Ronceverte water project moving forward

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The Ronceverte City Council had a number of items on their usually short agenda at the Monday evening meeting.

Several proclamations and resolutions, variances and commission appointments punctuated the meeting, while awaiting the arrival of an attorney to discuss the water project.

  • Council member Adam Rosin introduced a resolution to resist hackers from attacking municipalities and demanding ransoms. Many times, he said, when the ransom is paid, the hackers simply continue to attack and demand more payments. The resolution he proposed is to not pay any ransom ware as a discouragement to malicious internet hacking attacks.
  • Mayor David Smith said the city has hired Thrasher Engineering to repair the Workman Bridge, long closed to both pedestrian and vehicular traffic due to failing surfaces. A matching funds $400,000 grant will be used to remove and replace the rotting bridge flooring to make a walking bridge with the option of emergency vehicular use. Smith said the bridge is owned by the city, but is the responsibility of CSX. It was built in 1906 by C&O Railroad Company.
  • New Council member Scott Vogelsong brought his concerns for the condition of lower Pocahontas Avenue to the agenda, requesting the street be repaved. Potholes and uneven pavement makes that street one to avoid, as fellow Council member Rosin, who resides on Pocahontas Avenue, can attest. The mayor said Thrasher Engineering was hired to first look at drainage system issues before repaving the city streets is considered.
  • Two organizations requested variances to conduct bucket drives. The Greenbrier East High School band and the Ronceverte Public Library were approved to hold separate bucket drives to support their organizations. Council member Kathy King affirmed for the public record that no school-aged children will be in the roadway collecting money from vehicles during either bucket drive.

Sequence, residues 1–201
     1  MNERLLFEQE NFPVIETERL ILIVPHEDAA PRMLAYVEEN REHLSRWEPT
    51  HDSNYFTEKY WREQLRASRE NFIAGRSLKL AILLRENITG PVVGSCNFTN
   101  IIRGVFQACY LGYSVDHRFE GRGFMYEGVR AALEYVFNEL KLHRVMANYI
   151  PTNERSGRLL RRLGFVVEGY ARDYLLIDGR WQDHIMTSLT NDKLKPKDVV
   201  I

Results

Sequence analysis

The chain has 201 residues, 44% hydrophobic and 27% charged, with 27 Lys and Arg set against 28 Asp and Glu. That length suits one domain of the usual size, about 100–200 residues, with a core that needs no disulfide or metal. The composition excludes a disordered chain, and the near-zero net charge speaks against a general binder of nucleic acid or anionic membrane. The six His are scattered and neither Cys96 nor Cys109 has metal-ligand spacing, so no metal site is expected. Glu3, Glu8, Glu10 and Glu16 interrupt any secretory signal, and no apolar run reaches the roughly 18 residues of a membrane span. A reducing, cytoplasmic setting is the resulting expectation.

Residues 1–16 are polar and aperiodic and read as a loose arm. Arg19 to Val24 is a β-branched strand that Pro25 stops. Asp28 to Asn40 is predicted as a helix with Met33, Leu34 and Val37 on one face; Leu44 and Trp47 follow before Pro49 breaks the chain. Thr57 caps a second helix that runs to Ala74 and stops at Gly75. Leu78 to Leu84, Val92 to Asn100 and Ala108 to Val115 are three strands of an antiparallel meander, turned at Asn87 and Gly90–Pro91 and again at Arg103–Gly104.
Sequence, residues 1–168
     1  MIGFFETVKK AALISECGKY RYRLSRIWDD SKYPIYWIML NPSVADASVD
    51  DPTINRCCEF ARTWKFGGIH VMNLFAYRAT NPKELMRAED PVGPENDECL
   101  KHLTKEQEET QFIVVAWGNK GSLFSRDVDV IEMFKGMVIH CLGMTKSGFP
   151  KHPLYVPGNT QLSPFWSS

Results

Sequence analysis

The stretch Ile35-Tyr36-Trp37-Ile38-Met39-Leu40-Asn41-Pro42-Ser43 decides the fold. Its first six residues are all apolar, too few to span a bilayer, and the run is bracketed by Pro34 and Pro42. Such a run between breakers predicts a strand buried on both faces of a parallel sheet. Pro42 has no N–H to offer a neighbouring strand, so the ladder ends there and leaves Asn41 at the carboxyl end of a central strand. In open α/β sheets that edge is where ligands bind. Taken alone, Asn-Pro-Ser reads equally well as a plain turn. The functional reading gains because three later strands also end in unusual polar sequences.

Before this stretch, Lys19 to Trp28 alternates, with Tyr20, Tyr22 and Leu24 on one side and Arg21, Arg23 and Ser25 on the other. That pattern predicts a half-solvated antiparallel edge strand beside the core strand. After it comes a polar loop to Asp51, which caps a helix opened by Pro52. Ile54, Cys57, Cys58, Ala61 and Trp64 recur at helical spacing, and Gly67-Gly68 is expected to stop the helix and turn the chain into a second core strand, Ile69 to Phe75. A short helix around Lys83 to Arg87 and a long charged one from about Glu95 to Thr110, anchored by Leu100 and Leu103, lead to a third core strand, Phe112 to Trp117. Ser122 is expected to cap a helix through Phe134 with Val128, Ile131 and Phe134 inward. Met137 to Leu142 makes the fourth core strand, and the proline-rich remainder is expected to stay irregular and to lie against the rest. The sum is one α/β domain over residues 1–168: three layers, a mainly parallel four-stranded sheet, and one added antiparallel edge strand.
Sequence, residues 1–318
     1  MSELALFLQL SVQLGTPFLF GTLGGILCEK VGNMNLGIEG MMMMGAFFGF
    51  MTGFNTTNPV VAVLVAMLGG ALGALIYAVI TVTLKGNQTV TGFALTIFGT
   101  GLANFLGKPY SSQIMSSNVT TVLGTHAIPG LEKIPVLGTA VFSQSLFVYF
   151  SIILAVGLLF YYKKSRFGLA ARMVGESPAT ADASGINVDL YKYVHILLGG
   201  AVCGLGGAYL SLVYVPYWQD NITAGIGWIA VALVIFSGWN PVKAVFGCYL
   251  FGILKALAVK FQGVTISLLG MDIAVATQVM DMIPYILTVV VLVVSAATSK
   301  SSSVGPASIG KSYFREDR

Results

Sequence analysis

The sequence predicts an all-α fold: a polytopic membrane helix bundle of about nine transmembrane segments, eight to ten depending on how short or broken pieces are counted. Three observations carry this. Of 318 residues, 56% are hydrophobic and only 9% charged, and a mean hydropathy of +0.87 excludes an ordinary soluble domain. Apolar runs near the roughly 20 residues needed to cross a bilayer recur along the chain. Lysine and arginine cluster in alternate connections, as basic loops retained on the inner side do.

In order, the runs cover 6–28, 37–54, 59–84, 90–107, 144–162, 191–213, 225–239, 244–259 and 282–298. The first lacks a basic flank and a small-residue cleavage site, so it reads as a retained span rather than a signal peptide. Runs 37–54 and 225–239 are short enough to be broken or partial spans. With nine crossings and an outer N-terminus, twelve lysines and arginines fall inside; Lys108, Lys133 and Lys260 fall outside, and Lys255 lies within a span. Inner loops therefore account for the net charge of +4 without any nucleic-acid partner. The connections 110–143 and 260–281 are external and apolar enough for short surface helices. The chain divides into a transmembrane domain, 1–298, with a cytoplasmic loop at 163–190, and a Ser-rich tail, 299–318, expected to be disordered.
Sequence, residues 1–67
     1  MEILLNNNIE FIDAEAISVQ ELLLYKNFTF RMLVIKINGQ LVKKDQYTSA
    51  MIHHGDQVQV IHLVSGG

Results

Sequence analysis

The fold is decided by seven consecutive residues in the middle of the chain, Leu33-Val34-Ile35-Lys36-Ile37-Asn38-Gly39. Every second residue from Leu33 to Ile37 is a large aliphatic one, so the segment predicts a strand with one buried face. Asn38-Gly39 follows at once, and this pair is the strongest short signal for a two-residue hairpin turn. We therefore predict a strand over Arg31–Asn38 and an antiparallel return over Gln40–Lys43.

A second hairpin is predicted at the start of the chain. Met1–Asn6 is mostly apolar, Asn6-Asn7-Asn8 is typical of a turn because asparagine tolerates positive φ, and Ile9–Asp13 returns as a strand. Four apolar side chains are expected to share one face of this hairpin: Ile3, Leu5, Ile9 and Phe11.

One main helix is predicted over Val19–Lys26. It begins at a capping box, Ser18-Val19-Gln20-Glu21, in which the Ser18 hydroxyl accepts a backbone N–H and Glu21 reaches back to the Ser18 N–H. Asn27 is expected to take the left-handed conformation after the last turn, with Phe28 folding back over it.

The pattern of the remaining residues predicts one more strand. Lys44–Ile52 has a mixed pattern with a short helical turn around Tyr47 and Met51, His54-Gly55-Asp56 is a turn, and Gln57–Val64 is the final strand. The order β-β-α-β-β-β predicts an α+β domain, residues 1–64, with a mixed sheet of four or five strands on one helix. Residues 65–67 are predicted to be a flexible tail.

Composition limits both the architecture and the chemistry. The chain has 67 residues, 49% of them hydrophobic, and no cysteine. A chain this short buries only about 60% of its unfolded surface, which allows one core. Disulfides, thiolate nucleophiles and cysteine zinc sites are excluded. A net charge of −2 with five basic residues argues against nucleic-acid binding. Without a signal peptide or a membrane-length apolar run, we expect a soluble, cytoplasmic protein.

• City Manager Reba Mohler announced the appointment of two Historic Landmarks Commission members. Sue Ella Miano renewed her membership and Allison Baker was welcomed as a new member to serve on the commission.
  • As with every municipality in Greenbrier County, Debra Sizemore, a partnership specialist with the 2020 U.S. Census, is doing her best to inform the public of the importance of getting an accurate population count. “The 2020 census will be easier than ever,” she said. Every household will have the option of responding online, by mail, or by phone. By law, the Census bureau cannot share your answers with any other government agency. Your privacy is protected, Sizemore said. This is the first time the census will be counted from online access.
  • The mayor and council approved a proclamation to support the Greenbrier Aquatic Center. Community and Donor Engagement Director Jamie Hamilton made it clear in his statement that the center will not be a community pool, but will try to make the pool available for as many community members as possible.
  • Bond Consultant John Stump arrived from Charleston at the tail end of the meeting, after weathering a severe rain and hail storm, to deliver a statement about the requirements of the sunshine law with which the city must comply in advancing the city’s water infrastructure upgrade project. A series of ordinances concerning financing for the ongoing water project were passed prior to Stump’s arrival, allowing the project to move forward.

The mayor and council then adjourned the meeting to go into an executive session to discuss legal and personnel issues with Stump and E.L. Robinson water project representatives.

  • The next city council meeting will be held on Monday, Sept. 9, due to the Labor Day holiday.